Pros: Lock Type, Handle Material, Handle Feel, Blade Sharpness, Pocket Clip, Ease of Opening, Weight, Lock Ease of Use, Blade Material
One Step Forward, Two Steps Back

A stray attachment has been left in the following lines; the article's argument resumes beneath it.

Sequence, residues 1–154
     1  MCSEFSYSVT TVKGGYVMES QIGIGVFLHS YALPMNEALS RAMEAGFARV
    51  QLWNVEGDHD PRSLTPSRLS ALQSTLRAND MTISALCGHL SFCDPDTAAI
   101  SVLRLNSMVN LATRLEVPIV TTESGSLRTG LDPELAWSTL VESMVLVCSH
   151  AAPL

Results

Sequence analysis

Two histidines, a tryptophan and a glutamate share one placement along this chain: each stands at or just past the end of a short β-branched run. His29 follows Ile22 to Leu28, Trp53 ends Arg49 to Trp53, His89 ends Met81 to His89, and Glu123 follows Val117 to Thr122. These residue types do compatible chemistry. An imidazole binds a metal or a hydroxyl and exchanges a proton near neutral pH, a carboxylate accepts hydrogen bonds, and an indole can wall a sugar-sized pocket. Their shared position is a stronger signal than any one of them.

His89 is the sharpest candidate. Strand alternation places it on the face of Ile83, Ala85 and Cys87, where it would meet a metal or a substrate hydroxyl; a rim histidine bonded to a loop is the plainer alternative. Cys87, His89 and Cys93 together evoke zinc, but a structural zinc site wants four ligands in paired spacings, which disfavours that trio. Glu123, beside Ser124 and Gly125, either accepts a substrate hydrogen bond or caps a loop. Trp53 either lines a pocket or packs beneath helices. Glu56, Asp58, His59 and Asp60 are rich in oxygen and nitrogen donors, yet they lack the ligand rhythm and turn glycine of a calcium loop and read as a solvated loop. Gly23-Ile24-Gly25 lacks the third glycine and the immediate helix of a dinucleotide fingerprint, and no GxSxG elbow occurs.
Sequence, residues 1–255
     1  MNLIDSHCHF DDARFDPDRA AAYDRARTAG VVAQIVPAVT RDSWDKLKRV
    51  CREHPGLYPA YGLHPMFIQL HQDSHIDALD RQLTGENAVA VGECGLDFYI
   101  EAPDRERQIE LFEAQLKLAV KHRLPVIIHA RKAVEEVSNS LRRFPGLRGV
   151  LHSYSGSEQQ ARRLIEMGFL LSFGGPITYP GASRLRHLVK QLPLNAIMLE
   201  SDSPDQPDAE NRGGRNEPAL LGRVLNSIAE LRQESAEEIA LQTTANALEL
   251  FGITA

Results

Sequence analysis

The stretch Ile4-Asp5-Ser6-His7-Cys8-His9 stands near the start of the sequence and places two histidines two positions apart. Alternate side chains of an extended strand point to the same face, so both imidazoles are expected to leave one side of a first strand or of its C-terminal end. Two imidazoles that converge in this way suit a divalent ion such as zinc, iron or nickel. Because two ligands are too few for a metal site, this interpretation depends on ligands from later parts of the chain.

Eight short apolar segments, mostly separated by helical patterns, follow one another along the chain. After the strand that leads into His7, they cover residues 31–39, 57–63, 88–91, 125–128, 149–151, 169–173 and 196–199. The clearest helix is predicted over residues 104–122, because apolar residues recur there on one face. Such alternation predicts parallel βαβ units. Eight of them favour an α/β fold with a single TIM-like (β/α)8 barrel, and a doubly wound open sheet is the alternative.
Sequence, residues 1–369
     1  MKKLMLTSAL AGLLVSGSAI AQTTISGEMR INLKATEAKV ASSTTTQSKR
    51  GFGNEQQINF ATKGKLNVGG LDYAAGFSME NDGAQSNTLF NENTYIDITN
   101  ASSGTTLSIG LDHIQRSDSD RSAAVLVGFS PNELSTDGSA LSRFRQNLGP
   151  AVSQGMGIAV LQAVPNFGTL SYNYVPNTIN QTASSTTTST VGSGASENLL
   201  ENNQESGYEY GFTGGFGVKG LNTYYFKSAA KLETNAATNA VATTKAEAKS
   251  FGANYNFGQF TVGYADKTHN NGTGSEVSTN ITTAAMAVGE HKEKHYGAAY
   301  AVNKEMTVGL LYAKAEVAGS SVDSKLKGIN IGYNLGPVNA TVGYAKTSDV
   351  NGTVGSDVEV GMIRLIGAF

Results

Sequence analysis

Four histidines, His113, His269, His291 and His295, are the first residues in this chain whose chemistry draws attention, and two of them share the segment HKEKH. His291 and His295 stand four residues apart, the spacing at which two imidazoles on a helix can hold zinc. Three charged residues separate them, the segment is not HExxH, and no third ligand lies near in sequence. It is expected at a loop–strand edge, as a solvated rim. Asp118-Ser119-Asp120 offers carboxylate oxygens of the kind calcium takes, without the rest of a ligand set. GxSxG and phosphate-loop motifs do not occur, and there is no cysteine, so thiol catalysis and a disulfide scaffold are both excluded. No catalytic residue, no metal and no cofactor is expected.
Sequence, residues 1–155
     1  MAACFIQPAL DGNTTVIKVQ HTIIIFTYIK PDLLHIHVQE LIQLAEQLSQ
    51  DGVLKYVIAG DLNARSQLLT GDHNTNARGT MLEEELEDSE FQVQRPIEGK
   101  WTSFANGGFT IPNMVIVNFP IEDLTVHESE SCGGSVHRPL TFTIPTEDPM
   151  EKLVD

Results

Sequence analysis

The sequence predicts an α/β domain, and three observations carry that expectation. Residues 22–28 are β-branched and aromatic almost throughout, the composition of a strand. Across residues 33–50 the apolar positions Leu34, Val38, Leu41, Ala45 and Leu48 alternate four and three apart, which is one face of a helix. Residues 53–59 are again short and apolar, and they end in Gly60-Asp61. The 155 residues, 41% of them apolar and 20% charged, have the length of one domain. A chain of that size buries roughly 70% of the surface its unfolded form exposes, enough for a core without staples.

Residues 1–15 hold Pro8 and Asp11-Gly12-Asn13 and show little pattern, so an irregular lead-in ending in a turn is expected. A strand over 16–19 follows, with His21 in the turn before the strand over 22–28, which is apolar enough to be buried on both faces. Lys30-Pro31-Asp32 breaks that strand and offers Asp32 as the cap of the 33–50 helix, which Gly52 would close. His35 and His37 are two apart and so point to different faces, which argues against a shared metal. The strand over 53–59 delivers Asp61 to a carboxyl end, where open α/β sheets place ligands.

The standard Lock-Back hasn't lost any ground since it was first introduced decades ago, and if not for Spyderco (they call it a Back-Lock) these knives would probably still have thumbnail slits and require both hands for opening and closing the blade. And it should be little wonder why Spyderco provides such a variety of back-locks -- the reliability of the design is etched in stone. Enter the Byrd series of Spyderco knives and we find that most of these folders are back-locks, and all except one I have purchased were acceptable in their appearances considering the inherent rusticity of the series. They are every bit usable, and under certain conditions can be the better choice. Upon receiving this Byrd Flight it immediately took the place of my Cara Cara2 since both knives are back-locks and are very similar in size and design. The reason is because after reading how Spyderco has implemented a better build process in this latest 2nd generation of Byrds, instead of better, what I'm observing are blades that appear rough and wavy as if they were somehow passed over and sent out prior to being completed. The blade of the now almost extinct Flight is superior, as are all the blades of the Byrds I have that were hollow-ground sharpened.